A change of place and the time between, from the basements of Bloomington to the Bywater of New Orleans, has yielded a subtle but correlative shift in the band.
The Crescent City; its name is not only a reminder of its shape carved out by the river cradling it, but also a perfect allegory of a city forever in flux between the most contrasting aspects of the human condition, from light to dark. Within those darker quarters of experience lies the gold that Early Day Miners have labored to unearth with cautious vulnerability over the course of their eight albums.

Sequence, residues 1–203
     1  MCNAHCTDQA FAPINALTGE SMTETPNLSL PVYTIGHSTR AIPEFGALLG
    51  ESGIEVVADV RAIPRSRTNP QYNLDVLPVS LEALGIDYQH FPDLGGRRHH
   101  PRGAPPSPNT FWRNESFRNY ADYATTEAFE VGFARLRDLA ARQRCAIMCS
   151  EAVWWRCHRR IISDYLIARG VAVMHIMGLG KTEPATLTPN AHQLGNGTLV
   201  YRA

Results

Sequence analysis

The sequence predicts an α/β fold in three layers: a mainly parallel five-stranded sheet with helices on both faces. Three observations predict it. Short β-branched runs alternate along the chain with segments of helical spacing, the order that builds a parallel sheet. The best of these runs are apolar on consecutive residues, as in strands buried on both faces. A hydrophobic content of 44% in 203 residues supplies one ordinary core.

The internalized rumination that has characterized the band up until now has been exchanged for an open embrace of loss and sorrow and, perhaps even more courageously, joy. Unmistakable in that acceptance of all is a certain, audible lightness. Most notably Dan Burton’s voice, once hushed and at times hesitant, is now full-bodied and sure; his heart, once tenuously carried on his sleeve, is now firmly in his throat.
And though this might be the leanest the lineup has been, they are focused and warm, exuding the maximalism of their new home with nuance and a laissez-faire approach.
Early Day Miners sound as unhurried as ever, but never aimless; Early Day Miners have finally arrived.